Searching for Dragons by Patricia C. Wrede
In this sequel to Dealing with Dragons, Cimorene has to find and save Kazul, the king of the dragons, who has been kidnapped. (It’s the wizards again, of course.) Along the way, she meets Mendanbar, King of the Enchanted Forest, who assists in her quest. He has a magic sword. Predictably, they fall in love, but I found the relationship charming and modern and not overly mushy.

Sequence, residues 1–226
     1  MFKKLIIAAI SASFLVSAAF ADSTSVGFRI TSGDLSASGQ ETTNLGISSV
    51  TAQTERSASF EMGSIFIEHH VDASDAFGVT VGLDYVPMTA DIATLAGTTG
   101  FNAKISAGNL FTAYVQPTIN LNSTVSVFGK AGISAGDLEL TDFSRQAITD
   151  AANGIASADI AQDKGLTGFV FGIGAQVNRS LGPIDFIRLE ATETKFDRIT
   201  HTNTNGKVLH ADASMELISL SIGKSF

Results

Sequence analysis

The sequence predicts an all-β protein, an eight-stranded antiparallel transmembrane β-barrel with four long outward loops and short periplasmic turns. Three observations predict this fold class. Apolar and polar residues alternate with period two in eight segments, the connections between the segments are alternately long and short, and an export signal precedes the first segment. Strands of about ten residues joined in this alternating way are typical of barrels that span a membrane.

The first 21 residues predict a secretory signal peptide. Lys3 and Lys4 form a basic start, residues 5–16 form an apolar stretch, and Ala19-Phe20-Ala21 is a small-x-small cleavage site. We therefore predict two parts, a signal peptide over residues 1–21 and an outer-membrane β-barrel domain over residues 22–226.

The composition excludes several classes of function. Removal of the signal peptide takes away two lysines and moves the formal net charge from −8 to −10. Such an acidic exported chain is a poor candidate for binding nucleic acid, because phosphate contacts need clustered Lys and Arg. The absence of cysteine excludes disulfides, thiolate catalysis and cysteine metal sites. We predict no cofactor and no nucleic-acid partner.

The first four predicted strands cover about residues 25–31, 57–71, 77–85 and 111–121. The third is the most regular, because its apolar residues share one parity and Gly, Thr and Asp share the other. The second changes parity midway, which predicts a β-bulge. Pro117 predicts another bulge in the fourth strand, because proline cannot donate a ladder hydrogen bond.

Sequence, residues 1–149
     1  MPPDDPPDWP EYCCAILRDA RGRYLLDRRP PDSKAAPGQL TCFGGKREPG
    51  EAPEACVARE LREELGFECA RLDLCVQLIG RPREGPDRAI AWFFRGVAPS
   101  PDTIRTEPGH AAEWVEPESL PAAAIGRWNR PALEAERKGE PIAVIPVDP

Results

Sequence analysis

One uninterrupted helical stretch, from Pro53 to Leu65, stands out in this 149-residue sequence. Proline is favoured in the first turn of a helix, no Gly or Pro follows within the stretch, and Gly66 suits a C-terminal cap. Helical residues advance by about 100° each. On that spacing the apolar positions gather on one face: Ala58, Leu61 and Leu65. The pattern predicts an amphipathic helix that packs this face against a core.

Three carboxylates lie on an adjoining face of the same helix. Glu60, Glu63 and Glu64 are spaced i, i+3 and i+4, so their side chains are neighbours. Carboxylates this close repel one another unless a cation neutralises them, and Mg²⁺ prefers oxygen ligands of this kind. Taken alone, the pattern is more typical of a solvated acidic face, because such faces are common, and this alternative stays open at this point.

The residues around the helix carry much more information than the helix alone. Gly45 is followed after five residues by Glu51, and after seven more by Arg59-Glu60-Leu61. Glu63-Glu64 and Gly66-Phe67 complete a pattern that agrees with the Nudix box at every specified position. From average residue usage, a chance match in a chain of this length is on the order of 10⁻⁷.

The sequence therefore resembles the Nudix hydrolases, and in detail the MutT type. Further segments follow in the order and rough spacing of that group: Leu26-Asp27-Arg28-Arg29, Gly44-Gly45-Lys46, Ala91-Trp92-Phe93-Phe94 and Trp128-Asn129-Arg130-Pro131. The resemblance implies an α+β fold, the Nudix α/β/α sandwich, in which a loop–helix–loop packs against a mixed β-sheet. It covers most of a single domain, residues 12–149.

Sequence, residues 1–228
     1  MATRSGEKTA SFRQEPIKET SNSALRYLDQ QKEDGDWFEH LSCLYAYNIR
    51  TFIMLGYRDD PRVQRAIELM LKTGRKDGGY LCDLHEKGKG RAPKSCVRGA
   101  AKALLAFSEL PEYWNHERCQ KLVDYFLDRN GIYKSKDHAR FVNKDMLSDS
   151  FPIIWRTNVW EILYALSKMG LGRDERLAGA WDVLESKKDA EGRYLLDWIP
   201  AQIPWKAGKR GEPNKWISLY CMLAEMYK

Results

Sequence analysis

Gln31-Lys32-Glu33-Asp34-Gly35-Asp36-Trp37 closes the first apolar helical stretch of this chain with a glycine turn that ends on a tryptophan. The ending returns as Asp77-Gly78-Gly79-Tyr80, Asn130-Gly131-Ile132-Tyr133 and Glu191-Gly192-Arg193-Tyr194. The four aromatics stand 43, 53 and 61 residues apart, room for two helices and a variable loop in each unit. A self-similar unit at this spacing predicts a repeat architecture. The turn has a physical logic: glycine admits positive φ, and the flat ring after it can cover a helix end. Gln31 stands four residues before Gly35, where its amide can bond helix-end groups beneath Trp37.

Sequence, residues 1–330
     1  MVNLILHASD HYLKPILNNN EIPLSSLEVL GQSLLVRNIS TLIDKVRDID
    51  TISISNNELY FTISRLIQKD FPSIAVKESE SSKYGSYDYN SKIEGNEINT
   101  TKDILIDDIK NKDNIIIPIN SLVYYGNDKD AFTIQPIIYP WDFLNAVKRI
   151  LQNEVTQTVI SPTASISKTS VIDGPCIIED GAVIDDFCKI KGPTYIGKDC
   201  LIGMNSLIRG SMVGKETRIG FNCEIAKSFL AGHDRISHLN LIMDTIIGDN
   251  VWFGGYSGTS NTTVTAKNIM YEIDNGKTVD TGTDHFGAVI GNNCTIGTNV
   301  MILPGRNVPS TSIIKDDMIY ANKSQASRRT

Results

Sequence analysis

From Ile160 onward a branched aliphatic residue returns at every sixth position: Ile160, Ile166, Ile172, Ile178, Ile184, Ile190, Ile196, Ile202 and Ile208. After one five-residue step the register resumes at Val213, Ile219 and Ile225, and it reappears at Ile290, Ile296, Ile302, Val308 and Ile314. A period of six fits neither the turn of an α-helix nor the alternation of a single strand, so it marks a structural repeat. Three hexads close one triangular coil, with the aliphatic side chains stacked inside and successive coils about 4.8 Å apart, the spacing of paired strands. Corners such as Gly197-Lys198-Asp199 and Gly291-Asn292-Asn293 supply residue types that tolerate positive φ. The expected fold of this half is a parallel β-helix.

One of my favorite subplots concerned a couple people who were sort of filling the roles of villains, but weren’t really villainous at all. A descendent of Rumplestiltskin has accumulated several children through the family spinning business–and he genuinely cares for them until they return to their parents as triumphant young adults on quests. An uncle feels pressured to do something wicked to his nephew to remain in good standing for his club, but he really likes the boy. Cimorene and Mendanbar tell Rumplestiltskin’s great-grandson to open a school for all those children, and advise the uncle to send his nephew there. This just seemed like such a sweet, optimistic view of the world, that people might be able to twist and bend the rules creatively to play the outward role of a villain when they have to, while still remaining true to their hearts and even doing good work for others.